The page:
With vSphere 5.0, VMware also introduced a new version of its vSphere Virtual Machine File System, known as VMFS-5. For a complete list of the new features, see the “What’s New in VMware vSphere 5.0 – Storage” whitepaper. Since vSphere 5.5, the maximum supported VMDK size on a VMFS-5 datastore has been increased from 2 TB to 62 TB. More information on this in KB 2058287 “Support for virtual machine disks larger than 2 TB in VMware ESXi 5.5”.
Although vSphere 5.x fully supports predecessor VMFS-3, it’s also possible to upgrade an existing VMFS-3 to VMFS-5. See also this whitepaper “VMware vSphere VMFS-5 Upgrade Considerations”
But beware; an upgraded VMFS-5 does not support all of the new features. Most noticeable are:
- An upgrade VMFS-5 continues to use the previous file-block size, which may be larger than the unified 1MB file-block size. This can lead to stranded/unused disk space when there are lots of small files on the datastore. It is also stated that this can affect the performance of subsequent Storage vMotions.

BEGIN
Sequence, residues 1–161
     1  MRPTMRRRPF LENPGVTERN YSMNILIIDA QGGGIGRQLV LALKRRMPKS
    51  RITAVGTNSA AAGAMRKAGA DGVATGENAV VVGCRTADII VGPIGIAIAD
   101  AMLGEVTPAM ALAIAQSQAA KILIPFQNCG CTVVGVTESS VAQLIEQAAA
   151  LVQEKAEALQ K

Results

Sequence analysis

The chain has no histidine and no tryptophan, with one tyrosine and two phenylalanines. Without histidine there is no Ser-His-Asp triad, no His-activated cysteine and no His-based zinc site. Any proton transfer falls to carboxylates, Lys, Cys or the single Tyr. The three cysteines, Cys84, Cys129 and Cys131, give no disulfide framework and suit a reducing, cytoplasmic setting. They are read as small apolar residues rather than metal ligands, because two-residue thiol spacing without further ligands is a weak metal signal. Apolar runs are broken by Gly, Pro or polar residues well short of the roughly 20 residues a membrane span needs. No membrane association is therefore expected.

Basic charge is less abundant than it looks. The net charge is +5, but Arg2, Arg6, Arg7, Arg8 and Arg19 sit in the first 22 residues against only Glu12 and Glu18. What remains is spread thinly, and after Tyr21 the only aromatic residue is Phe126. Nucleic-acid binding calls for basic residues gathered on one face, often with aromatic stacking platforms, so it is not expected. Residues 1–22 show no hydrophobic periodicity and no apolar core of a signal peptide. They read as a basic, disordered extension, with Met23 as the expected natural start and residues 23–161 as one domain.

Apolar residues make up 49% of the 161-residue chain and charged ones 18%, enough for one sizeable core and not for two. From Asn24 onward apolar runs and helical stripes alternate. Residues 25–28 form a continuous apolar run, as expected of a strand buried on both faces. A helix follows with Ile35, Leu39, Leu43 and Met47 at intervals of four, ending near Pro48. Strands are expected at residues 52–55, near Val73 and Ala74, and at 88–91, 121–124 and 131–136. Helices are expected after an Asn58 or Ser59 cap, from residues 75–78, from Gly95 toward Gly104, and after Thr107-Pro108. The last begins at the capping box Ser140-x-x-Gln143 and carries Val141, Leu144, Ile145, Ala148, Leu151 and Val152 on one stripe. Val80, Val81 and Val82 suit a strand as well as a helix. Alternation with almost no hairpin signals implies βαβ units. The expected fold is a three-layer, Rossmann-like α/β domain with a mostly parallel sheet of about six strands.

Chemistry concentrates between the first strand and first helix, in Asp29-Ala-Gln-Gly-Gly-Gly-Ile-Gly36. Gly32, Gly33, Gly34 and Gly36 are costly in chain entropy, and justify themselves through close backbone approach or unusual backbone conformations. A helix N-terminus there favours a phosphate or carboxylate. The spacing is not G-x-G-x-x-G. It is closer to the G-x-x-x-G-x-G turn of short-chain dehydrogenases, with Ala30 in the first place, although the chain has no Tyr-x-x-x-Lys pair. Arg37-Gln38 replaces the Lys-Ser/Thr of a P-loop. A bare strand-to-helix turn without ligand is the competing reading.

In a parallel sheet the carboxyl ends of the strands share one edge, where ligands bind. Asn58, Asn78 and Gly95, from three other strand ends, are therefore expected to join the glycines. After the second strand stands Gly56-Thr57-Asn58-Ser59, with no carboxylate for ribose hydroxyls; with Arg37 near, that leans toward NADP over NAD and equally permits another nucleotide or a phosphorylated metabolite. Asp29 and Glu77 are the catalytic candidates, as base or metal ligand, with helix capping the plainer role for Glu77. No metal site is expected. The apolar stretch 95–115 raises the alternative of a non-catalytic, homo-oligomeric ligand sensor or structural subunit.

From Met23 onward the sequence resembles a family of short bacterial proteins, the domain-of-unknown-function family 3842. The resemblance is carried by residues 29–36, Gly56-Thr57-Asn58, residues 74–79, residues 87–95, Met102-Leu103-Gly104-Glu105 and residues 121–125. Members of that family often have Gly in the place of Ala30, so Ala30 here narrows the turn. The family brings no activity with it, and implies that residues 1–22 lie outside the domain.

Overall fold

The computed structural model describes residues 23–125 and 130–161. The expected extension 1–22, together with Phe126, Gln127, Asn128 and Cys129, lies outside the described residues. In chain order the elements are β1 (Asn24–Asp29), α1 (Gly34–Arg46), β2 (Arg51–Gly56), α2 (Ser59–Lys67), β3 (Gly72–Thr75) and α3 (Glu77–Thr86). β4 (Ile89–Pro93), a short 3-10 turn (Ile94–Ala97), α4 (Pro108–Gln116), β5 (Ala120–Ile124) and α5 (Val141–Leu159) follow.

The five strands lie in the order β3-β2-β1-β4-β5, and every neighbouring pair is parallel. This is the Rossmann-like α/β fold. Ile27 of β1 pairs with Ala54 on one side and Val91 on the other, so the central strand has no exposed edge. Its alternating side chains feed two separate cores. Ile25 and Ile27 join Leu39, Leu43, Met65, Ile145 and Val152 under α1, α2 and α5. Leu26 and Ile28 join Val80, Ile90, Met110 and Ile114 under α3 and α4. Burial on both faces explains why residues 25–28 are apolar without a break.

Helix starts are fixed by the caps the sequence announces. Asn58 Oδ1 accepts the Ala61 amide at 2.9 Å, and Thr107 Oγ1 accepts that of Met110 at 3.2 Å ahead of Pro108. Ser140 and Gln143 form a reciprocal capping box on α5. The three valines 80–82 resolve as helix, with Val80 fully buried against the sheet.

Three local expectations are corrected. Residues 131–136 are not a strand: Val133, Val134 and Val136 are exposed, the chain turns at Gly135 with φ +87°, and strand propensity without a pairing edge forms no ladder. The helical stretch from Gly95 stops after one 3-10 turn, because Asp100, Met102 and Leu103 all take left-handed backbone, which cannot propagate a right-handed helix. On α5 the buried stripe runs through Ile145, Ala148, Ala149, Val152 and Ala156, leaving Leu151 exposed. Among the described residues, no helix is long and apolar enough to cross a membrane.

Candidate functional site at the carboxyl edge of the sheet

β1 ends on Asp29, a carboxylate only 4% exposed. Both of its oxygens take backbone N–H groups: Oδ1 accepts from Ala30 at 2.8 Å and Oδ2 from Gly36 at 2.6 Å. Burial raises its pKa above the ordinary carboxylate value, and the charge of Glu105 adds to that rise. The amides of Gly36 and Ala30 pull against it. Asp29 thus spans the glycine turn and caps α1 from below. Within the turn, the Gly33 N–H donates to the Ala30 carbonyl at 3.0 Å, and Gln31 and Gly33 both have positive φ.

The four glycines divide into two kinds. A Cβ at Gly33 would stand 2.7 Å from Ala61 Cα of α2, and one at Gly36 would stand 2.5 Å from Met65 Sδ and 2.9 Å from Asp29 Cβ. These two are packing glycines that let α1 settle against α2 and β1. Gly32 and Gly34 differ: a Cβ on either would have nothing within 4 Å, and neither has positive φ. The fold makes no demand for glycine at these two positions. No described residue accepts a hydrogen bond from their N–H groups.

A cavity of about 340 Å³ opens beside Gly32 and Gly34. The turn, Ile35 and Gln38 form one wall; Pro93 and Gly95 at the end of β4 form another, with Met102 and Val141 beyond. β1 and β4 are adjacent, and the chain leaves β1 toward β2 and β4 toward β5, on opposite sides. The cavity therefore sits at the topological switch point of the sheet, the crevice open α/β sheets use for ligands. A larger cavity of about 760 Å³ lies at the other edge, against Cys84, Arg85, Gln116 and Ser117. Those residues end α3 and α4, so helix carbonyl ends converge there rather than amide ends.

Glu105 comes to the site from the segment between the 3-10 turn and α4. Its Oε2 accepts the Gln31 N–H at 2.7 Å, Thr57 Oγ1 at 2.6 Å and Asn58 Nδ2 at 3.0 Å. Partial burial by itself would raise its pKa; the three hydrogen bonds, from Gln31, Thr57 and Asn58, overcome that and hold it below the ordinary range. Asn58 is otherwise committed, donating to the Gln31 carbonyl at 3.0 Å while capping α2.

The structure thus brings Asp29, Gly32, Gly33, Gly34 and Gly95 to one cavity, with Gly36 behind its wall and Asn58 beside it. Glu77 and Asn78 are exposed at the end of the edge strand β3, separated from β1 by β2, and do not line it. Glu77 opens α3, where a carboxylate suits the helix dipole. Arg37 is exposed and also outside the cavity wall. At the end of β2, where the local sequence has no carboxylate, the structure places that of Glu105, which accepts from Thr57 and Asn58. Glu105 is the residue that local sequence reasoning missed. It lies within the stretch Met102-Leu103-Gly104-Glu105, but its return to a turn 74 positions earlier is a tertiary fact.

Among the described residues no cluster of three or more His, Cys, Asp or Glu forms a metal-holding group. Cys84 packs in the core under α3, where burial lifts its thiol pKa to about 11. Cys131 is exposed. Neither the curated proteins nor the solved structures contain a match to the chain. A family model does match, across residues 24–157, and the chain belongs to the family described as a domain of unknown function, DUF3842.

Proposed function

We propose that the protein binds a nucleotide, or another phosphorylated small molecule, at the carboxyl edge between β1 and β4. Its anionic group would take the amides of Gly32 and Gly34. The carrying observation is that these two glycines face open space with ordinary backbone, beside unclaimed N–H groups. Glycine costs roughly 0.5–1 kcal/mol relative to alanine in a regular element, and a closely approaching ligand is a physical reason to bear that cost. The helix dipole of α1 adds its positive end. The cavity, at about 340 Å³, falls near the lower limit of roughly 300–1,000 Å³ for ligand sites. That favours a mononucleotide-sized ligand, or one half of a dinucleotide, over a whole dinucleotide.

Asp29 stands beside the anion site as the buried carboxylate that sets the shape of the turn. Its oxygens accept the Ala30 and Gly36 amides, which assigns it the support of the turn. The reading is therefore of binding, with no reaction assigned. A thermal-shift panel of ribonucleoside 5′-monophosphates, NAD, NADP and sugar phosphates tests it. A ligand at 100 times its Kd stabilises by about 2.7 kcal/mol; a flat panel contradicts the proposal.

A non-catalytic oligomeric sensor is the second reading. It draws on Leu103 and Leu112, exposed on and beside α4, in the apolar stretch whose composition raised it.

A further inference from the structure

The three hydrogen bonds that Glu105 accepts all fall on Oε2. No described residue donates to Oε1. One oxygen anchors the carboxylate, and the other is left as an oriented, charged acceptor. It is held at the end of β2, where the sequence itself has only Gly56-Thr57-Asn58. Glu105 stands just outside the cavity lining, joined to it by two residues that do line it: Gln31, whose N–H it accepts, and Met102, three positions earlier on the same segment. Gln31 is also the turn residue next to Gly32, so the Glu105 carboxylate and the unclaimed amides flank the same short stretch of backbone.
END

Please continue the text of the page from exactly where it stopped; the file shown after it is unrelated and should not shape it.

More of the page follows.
- An upgraded VMFS-5 datastore doesn’t have new features like; the new Sub-Block Size, Increased maximum number of files per datastore, no GPT.
- Also, VMFS-5 upgraded from VMFS-3 continues to have its partition starting on sector 128. Newly created VMFS-5 partitions will have their partition starting at sector 2048.
So, by deploying newly created VMFS-5 and upgraded VMFS-5 datastores, chances are that inconsistencies across your datastores are introduced.
So instead of upgrading existing datastores, another approach is rebuilding datastores (fresh formatted VMFS-5) and relocating your VM’s. Of course this takes some planning and you will need a spare LUN.
One question remains, how to recognize a new or an upgraded VMFS-5 datastore? OK, you can have a look in the vSphere Client or Web Client. If the Block Size is not 1 MB, it is an upgraded one. But now the block Size is 1 MB, can you be sure it is a newly created one?